For that matter, don't put excessive trust in anyone. Use your own sense of the plausible, the probable, the real. Apply the same sorts of tests I mentioned, above. Look for evidence. Look for logic. Look for documentation. Search for the ring of truth.

(Your own judgments will not be perfect. But this, too, is the human condition. We are all on the same journey, or we all should be: We should all be seeking the truth. Each small step we take toward the light and out of the darkness is a valuable accomplishment, potentially a triumph.)

There's also this consideration: People's real identities are not the central issue. An Internet troll, a liar, a fraud — even these folks may sometimes tell the truth, if only by accident. The real question about any statement is not who made the statement, but is the statement true? (Knowing who first said that the Earth is round is not so very urgent. The key question is, is the statement true?) Focus on the substance of the statements you find at Waldorf Watch. Weigh these statements, assess them, check them as well as you can — and then, if only provisionally, draw your own conclusions.

Have any trolls, liars, or frauds slipped through my net and found their way onto this website? I have tried to keep such folks off the site, but i'm sure I haven't completely succeeded. (After all, Steiner himself was a fraud. He claimed to be clairvoyant, and of course he wasn't. [See "Clairvoyance".]) So I'll have to rely on you to form the second line of defense. Keep you b.s. detector running at all times. Don't take anything on faith. Check up on everyone you can — including, of course, me.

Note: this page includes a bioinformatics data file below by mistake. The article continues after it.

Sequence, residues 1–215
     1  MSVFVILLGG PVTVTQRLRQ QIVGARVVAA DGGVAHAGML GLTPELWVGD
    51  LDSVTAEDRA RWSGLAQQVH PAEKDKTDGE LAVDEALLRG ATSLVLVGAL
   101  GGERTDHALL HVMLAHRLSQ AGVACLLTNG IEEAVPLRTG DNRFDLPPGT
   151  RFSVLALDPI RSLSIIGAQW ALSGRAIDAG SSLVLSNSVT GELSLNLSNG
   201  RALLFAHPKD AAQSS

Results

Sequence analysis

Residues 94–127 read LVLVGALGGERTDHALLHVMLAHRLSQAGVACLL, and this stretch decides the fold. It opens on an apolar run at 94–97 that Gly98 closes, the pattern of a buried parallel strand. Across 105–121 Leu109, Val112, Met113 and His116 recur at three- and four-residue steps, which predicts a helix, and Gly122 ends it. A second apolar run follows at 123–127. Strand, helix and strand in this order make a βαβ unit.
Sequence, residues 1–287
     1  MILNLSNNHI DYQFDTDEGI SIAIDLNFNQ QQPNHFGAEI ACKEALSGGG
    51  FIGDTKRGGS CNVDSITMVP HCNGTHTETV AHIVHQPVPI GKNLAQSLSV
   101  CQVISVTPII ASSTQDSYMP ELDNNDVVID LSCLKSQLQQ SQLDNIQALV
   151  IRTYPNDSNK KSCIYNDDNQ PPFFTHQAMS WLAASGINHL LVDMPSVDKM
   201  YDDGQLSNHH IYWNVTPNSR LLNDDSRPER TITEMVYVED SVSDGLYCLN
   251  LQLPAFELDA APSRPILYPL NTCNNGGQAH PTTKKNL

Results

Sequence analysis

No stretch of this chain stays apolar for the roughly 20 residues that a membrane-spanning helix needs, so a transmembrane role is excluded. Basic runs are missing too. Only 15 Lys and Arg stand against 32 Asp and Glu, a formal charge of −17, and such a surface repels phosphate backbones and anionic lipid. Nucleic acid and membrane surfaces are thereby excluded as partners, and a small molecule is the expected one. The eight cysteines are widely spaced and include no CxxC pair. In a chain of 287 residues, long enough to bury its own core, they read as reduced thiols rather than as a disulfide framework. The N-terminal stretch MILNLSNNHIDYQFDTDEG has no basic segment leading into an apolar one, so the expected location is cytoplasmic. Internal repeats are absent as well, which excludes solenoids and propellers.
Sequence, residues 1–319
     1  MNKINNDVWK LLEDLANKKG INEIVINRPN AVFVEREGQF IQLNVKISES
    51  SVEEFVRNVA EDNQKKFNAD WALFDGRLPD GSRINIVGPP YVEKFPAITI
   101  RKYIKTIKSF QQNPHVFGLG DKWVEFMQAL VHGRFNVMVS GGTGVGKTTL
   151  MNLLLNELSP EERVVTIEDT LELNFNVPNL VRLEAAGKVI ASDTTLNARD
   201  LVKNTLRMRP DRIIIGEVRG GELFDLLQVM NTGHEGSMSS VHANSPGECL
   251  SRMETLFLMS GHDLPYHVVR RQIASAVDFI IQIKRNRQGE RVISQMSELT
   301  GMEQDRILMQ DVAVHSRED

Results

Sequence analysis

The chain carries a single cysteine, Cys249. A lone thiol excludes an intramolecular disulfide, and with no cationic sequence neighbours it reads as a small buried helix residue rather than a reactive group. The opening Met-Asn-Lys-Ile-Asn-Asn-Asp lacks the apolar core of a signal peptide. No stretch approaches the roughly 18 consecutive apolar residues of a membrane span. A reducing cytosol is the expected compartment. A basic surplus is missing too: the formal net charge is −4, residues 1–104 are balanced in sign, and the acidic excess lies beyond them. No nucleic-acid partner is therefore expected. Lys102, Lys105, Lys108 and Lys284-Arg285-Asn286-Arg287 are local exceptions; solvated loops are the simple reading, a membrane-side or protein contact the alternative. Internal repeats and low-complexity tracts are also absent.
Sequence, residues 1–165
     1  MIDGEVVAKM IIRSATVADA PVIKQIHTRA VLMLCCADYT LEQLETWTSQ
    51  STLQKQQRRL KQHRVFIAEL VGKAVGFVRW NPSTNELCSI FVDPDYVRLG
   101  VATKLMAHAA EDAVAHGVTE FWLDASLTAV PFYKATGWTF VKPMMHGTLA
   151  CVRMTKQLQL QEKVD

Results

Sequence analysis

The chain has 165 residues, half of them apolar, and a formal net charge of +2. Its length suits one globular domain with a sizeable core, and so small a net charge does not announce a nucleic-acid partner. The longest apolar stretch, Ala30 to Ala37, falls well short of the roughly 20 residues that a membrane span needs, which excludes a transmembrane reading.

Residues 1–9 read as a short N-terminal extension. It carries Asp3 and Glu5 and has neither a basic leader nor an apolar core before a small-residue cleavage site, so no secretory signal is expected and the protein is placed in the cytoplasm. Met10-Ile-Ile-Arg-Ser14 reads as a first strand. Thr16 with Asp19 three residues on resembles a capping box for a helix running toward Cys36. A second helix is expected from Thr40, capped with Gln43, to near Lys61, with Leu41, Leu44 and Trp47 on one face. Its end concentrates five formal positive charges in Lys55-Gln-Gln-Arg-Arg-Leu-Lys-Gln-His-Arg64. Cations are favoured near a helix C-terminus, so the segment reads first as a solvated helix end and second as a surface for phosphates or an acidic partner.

And here's something that may seem a little startling. I don't much care, in the end, whether someone is a troll or not. I tell trolls the same truths I tell everyone else.

By the same token, I am grateful when a troll tells me a truth. The truth is what I seek; the identity of the speaker doesn't matter so much.

I encourage you to take the same approach. Focus on the truth of statements, ideas, lines of reasoning; don't tie yourself in knots over the identity of the people who offer the statements, ideas, or lines of reasoning.

In a way, this all boils down to the question of ad hominem argumentation. We need to care, very much, about the truth of propositions; we don't need to worry too much about the identities of the people who set forth the propositions. As the ENCYCLOPAEDIA BRITANNICA puts it,

"[I]rrelevant conclusions are presented by the so-called fallacies of relevance [including] the argument ad hominem (speaking 'against the man' rather than to the issue), in which the premises may only make a personal attack on a person who holds some thesis, instead of offering grounds showing why what he says is false."

As I said earlier, a liar may sometimes tell the truth. Convicting someone as a liar doesn't prove that each specific statement made by the liar is a lie. The only way to show that a specific statement is false is to concentrate on that statement, not concentrate on the person. (If I get an email from "Abraham Lincoln" telling me that X is true, I can be pretty sure that the writer is not really the sixteenth President of the United States. But the real issue is whether or not X is true. Maybe it is, even if "Abraham Lincoln" isn't.)

So keep you b.s. detector running. I have done my level best to present the truth at Waldorf Watch. Do your level best to discern the truth, wherever you find it.

[R. R., 2017.]